Last weekend, I attended the first March for Life in a post-Roe v. Wade America.
Though the original goal of the march has now been realized – relegating Roe to the ash heap of history alongside other horrendous court decisions like Plessy and Dred Scott – the event still drew well over 100,000 highly-energized people. More importantly, despite the left’s best wishes, the annual march will not be ending any time soon. I heard from people coming from all walks of life about why they continued to brave the January weather, despite Dobbs now being on the books. The answer, from former workers within the abortion industry who have come to regret their past decisions, to the Canadian citizens coming down to America in the hopes that our pro-life movement would one day seep over the border, to the mothers who came with their children and in memory of the children they lost to the abortion industry, was unified: Dobbs is just the beginning.
Contrary to the media portrayal of the pro-life movement, the vast majority of the attendees at the march were young, and well over half were women. All of these people were treating the march as a celebration of what has passed, and an optimistic look at what is now to come. For years, the movement has been forced to hope and pray that the right justices would get onto the court, and the right case would be brought forward. Dobbs changed that and moved the battlefield from the legal courts to the courts of public opinion. The average person can now do something substantial in the battle to protect life by campaigning and voting for legislatures that will promote the right bills.
It was also clear that the people at the march did not want to simply snap their fingers and make abortion illegal. Even more so than a political fight, this movement is about a cultural one. As Robert Severino, vice president of domestic policy at the Heritage Foundation, said in a speech at the National Pro-Life Summit the day after the march, the goal of the movement is not to simply end abortion; it is to create a “support network of love” in which abortion would be totally unnecessary and unthinkable in the first place.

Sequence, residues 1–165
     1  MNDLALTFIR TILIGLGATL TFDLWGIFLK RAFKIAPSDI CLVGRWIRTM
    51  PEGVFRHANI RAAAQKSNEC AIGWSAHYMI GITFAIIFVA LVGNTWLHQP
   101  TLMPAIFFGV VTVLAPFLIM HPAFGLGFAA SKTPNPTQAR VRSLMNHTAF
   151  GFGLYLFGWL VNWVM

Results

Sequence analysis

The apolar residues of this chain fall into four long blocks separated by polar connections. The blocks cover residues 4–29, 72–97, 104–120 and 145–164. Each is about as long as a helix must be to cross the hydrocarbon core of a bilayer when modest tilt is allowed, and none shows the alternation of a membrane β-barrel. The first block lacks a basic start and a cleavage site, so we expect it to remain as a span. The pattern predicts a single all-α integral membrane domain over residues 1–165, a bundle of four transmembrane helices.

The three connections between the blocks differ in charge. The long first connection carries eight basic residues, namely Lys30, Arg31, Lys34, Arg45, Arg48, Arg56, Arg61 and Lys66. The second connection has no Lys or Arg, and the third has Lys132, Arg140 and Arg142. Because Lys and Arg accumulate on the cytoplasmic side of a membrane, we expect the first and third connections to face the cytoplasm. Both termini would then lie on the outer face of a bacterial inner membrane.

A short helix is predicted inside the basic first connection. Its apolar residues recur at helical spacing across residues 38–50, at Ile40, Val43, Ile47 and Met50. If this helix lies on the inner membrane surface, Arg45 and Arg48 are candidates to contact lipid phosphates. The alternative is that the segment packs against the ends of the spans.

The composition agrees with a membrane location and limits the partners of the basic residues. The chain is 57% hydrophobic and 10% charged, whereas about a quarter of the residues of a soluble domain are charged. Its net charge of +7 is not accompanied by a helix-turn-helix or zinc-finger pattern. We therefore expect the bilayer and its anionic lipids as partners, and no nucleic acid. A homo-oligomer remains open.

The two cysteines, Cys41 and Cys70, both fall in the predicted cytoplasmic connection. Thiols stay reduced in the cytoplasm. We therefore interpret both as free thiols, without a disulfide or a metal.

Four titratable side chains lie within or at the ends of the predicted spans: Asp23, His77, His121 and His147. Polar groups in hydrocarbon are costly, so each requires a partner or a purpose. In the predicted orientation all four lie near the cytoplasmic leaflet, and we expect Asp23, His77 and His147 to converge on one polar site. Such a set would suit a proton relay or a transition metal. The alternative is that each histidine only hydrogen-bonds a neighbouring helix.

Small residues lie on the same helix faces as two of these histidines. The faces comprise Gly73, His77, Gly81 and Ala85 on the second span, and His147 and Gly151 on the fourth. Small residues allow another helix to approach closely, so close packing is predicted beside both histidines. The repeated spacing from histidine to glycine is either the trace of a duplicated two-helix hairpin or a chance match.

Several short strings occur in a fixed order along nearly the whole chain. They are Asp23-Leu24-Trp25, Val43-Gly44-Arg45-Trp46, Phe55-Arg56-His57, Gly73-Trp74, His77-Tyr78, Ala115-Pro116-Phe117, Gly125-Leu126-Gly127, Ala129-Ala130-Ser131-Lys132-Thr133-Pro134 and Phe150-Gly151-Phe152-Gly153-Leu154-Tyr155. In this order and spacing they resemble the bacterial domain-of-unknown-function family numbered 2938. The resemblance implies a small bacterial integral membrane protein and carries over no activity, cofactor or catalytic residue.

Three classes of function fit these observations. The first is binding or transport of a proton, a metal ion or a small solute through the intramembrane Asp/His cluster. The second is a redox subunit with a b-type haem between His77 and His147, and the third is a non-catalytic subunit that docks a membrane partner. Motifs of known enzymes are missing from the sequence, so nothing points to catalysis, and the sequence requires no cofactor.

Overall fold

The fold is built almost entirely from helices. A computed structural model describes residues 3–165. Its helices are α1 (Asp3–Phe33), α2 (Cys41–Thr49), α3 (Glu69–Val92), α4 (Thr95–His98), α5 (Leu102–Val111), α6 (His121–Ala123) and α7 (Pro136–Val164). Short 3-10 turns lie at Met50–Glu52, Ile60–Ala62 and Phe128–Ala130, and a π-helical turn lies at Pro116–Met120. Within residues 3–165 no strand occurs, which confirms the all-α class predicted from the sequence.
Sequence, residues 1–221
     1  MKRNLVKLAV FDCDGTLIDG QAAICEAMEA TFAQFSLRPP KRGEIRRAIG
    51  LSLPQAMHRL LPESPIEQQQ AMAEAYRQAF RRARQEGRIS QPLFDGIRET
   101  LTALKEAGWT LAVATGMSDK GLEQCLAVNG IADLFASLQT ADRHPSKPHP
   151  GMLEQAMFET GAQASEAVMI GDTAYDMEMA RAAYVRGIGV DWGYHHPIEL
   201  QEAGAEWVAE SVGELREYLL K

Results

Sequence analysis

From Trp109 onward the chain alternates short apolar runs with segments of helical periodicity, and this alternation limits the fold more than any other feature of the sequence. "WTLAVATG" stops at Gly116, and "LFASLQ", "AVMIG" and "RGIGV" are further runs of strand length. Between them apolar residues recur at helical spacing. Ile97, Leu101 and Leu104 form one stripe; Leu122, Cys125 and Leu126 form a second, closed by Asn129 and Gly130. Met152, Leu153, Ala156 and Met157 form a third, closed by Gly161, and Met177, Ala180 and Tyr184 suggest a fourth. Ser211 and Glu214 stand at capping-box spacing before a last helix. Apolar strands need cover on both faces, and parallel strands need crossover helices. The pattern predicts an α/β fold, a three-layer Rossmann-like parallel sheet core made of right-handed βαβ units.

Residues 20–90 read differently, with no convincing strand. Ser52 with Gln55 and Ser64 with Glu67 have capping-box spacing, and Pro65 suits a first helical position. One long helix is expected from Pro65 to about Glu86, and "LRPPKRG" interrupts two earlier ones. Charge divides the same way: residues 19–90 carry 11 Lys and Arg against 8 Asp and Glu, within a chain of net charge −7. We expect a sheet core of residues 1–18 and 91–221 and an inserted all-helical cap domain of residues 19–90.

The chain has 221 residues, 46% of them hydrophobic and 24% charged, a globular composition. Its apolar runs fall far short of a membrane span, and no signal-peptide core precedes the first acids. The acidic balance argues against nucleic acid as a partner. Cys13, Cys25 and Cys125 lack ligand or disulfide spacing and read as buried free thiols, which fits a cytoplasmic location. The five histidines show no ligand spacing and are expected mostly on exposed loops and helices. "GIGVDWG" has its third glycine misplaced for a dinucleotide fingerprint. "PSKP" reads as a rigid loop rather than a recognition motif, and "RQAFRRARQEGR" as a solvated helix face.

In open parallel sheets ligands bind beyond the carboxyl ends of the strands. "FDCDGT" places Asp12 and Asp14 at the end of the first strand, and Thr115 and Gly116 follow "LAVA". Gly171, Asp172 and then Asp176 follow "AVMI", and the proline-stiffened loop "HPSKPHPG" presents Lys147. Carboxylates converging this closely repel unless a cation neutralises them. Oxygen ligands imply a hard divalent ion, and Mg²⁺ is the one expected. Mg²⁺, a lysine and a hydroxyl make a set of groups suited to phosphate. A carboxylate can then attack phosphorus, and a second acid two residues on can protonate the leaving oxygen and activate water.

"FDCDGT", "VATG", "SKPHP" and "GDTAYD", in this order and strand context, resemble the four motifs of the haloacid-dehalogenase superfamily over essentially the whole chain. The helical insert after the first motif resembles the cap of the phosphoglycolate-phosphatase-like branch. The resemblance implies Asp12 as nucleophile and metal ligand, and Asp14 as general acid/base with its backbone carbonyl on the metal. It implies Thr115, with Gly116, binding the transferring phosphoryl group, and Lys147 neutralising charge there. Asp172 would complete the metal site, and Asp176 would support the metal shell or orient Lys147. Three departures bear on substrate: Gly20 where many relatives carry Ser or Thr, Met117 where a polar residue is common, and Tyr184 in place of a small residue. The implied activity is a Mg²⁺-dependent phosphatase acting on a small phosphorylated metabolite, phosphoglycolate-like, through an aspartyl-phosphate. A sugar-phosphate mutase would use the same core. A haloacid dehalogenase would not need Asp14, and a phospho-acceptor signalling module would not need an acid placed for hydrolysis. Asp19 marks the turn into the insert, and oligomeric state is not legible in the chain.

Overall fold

This is a line of thinking that pro-lifers should and must widely adopt. We must be able to understand the horrible position and mentality many of the women who receive abortions are forced into and have compassion toward them. We can’t simply ignore, for instance, abortions due to rape and incest, simply because they comprise “only 1.5%” of total abortions; instead, we need to acknowledge those pain and hardships, and work to help these women in every way we can. We need to continue to promote and donate to crisis pregnancy centers, to the point where they are more widespread than Planned Parenthood. We need to promote legislation that would offer life-affirming alternatives to the abortion mills. We should work to help more people understand the evil that abortion is, but we should also emphasize with those who have felt like they have no other choice and work within that framework. As Abby Johnson said at the same summit, we cannot “win an argument and lose a soul”.
The end goal of the pro-life movement should not simply be a personhood amendment to the Constitution; it should be to create a culture in which a personhood amendment would be completely unnecessary. It should be to create a culture in which all the abortion mills have already closed their doors as no one would ever want or feel they need to step into one of them in the first place.
The American pro-life movement is massive and only picking up steam. It is not, as some hoped, ending now that it has achieved its long-time goal. On the contrary, it is expanding to new horizons. Now, as the movement realigns, it is incredibly important to realize what exactly we hope to achieve, and properly set our sights on reaching that new finish line.
The views expressed in this article are the opinion of the author and do not necessarily reflect those of Lone Conservative staff.